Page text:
New guidance has been issued on how best to support Uganda’s LGBT community following assent of the Anti-Homosexuality Law with campaigners warning that general aid cuts to Uganda should be avoided.

The Civil Society Coalition on Human Rights & Constitutional Law, based in Kampala, published the document after the recent decision of several countries, and the World Bank, to halt aid donations destined for the Ugandan Government.

The guidelines suggest non-governmental organisations should continue to voice their criticism of the law and the “shrinking and deteriorating policy space that civil society is experiencing; not only about this human rights issue, but about ‘mainstream’ human rights as well”.

It recommends “worldwide demonstrations”, including protests at Uganda’s embassies and church vigils. Multinational companies that have business interests in Uganda should be lobbied into expressing their concerns about the law, passed last month by President Yoweri Museveni. 

The document notes that Heneiken, KLM, British Airways, Turkish Airlines, Barclays Bank, all have trading links in Uganda.

On the question of cutting foreign aid, the Coalition on Human Rights & Constitutional Law states: “Our position on this is very clear. We do not support general aid cuts to Uganda. We do not want the people of Uganda to suffer because of the unfortunate political choices of our government.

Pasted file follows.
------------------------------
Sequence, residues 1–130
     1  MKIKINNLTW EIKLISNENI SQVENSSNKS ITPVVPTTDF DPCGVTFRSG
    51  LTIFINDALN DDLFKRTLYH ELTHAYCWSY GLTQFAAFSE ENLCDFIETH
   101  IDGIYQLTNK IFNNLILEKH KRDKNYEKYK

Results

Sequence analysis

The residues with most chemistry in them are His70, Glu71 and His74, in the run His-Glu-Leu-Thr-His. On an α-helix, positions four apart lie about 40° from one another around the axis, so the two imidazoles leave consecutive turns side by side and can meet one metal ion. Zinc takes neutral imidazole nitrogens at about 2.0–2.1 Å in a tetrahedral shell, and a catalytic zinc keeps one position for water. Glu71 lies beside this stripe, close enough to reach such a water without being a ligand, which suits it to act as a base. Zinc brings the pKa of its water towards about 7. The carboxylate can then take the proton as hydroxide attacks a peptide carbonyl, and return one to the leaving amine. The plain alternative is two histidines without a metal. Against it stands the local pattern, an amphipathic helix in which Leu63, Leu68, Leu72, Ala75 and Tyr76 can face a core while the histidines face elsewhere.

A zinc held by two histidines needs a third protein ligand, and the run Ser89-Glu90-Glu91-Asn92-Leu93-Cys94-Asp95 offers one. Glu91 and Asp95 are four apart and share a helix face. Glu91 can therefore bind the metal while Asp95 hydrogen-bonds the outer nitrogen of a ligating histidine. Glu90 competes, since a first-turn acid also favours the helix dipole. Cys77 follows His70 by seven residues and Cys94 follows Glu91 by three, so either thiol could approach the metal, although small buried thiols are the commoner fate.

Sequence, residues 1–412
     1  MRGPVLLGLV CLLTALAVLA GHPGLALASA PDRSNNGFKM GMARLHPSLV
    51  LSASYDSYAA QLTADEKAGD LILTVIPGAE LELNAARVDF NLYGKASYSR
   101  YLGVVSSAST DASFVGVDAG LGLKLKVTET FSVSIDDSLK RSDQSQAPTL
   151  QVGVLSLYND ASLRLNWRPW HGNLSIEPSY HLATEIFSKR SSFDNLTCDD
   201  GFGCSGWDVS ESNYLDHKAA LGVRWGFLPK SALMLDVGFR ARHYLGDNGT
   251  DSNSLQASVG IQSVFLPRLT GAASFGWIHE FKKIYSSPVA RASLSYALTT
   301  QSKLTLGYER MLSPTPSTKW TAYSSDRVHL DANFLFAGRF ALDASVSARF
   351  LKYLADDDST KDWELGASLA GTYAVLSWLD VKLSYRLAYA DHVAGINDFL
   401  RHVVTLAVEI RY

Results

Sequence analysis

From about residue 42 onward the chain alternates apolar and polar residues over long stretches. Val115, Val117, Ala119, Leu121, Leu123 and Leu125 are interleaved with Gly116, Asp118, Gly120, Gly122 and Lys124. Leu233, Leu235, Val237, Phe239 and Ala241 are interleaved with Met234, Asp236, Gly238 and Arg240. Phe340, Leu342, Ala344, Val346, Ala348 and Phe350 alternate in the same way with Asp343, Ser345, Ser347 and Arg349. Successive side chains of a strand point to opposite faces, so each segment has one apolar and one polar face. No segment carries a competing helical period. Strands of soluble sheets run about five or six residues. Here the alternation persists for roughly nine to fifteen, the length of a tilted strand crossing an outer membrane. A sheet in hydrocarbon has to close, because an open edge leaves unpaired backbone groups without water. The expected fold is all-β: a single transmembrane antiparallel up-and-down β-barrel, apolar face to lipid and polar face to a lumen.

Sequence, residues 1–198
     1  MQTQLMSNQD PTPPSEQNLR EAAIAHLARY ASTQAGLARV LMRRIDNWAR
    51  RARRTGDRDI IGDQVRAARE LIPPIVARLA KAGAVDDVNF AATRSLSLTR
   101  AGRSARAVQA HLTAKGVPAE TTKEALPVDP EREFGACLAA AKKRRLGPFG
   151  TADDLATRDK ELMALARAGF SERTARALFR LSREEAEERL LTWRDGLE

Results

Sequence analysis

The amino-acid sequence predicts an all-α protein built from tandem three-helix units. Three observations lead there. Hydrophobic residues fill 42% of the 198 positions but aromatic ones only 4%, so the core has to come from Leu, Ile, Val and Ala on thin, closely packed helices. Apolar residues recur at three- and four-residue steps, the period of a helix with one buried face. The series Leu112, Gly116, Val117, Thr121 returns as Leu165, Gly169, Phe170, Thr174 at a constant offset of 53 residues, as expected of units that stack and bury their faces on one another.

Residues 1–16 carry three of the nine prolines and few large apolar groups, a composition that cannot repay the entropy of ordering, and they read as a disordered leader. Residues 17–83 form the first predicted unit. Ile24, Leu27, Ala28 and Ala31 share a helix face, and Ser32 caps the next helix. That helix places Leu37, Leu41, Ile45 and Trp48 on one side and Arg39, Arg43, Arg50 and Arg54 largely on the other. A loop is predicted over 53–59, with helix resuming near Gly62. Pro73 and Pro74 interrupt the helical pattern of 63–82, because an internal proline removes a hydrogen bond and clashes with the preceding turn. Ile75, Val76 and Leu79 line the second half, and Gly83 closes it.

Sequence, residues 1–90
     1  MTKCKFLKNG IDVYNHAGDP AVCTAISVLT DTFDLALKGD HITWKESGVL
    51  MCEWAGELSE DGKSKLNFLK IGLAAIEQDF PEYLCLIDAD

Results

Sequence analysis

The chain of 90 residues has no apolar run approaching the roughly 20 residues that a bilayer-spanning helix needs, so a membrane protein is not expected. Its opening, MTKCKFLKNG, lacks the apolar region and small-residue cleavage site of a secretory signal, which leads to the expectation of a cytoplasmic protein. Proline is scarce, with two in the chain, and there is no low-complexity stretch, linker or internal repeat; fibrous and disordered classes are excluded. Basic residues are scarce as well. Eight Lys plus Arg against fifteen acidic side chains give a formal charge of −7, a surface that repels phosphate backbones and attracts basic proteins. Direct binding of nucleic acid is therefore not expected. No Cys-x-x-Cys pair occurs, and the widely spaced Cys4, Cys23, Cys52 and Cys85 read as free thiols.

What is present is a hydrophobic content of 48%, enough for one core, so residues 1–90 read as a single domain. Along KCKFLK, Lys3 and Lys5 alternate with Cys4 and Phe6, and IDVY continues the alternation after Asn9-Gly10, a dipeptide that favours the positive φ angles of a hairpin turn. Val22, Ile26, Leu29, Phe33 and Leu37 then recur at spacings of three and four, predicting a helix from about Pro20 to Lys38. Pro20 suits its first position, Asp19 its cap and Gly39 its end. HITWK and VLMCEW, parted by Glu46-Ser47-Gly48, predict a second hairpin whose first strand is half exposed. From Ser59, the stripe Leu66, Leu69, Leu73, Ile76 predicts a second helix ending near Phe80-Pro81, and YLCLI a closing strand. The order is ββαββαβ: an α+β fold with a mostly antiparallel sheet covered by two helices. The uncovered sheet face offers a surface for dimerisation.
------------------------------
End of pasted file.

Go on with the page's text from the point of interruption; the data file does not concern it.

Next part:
“However, we support strategic aid cuts to specific sectors, such as the Dutch Government’s decision to withdraw funding from the Justice Sector.

“We encourage urgent review of aid to organisations and government institutions that have failed to demonstrate respect for human rights and those that have been actively supporting this bill.

“We do not support cuts in support to NGO’s and other civil society institutions that offer lifesaving health services or other important social services to the people of Uganda”.

The Coalition also calls for governments around the world to accept LGBT citizens fleeing persecution, and that existing asylum polices need to take into account of the new situation in Uganda.

Arrests of LGBT Ugandans should be treated as a matter of “urgent action” – the Coalition suggests this could include “sending messages to the Uganda Government to protest such arrests, use of social media such as Twitter, Facebook, WhatsApp, to raise awareness that arrests have happened” and also by notifying government embassies.